Period Focus: Georgian Jewelry (1714 - 1837)
Weve recently been putting together a focus on the different periods of jewellery and in recent weeks have covered both the Victorian and the Edwardian eras. Going right back to 1714, however, this week were taking a look at the Georgian period, taking a look at the trends and the evolution of jewellery through the years.
Between the years of 1714 and 1837 was a period of political upheaval during the reign of four King Georges. Through this era, however, jewellery became incredibly popular and the time gave birth to a number of trends which grew in popularity right through the following Victorian and Edwardian periods.
During Georgian times, short necklaces were popular amongst women and some of the most desirable pieces included dog collars (chokers), rivieres (these had rows of diamonds or gemstones and multiple cameos which were connected with rows of draped chain.
Diamonds were by far the most popular stone during the Georgian period, however coloured stones including emeralds, rubies and sapphires were also commonly seen within jewellery. New gem cuts including the rose cut and table cut came to light during the era.
If youre trying to identify whether or not jewellery is from the Georgian period, take a look at the mount. More often than not, the stones in Georgian pieces had enclosed backs which were set over a foil. This was seen almost exclusively in this period and can be a great indicator as to the period it comes from.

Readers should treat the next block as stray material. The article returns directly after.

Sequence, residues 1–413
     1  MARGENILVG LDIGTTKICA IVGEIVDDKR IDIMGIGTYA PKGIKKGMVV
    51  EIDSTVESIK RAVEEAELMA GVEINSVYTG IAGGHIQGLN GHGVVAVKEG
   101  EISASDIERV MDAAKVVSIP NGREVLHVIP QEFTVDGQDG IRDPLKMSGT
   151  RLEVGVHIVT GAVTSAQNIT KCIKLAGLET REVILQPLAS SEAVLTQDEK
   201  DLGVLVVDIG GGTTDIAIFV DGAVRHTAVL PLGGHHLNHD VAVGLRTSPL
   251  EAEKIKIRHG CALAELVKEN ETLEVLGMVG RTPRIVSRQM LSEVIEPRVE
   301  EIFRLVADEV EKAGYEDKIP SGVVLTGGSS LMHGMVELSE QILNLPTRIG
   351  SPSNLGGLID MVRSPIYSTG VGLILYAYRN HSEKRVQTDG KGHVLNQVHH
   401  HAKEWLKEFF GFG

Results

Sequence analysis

An Era Of Handmade Pieces
There was no such thing as mass produced or even machined jewellery during the Georgian times and every single piece of jewellery which you see today from the period will have been made by hand. Of course this meant that pieces were expensive due to the time taken to make each bespoke piece and in an attempt to keep up with the quickly increasing demand, jewellers reproduced copies of gemstones and used, in many instances, pinchbeck, a substitute for gold.
A War Time Trade In
During the early 19th century, German citizens were encouraged to trade in their gold pieces of jewellery in return for cast-iron replicas and, believe it or not, this actually became a popular style in the following years. These pieces continued to be made until the mid-19th century and some can still be found today, known as Fer-de-Berlin pieces.
Another common trend during Georgian times was memorial jewellery and funeral scenes quickly became commonplace painted on ivory or even jewellery which was made with locks of hair from a loved one. In addition, bespoke pieces with miniature portraits of loved ones on pendants or brooches were commonly seen and helped to further the popularity of memorial pieces. Of course, the attraction of such jewellery was its personal connection and such items became the most treasured pieces of jewellery for many individuals.
The Rarest Finds
Given the fact that some pieces of Georgian jewellery are now more than 300 years old, they are by far the rarest antique jewellery finds and often some of the most valuable. In many instances, the trends seen through Georgian times paved the way for those which came in the Victoria, Edwardian and even Art Deco periods and, as far as were concerned, its the era which defined what we all know too well as the wider collection of antique jewellery.'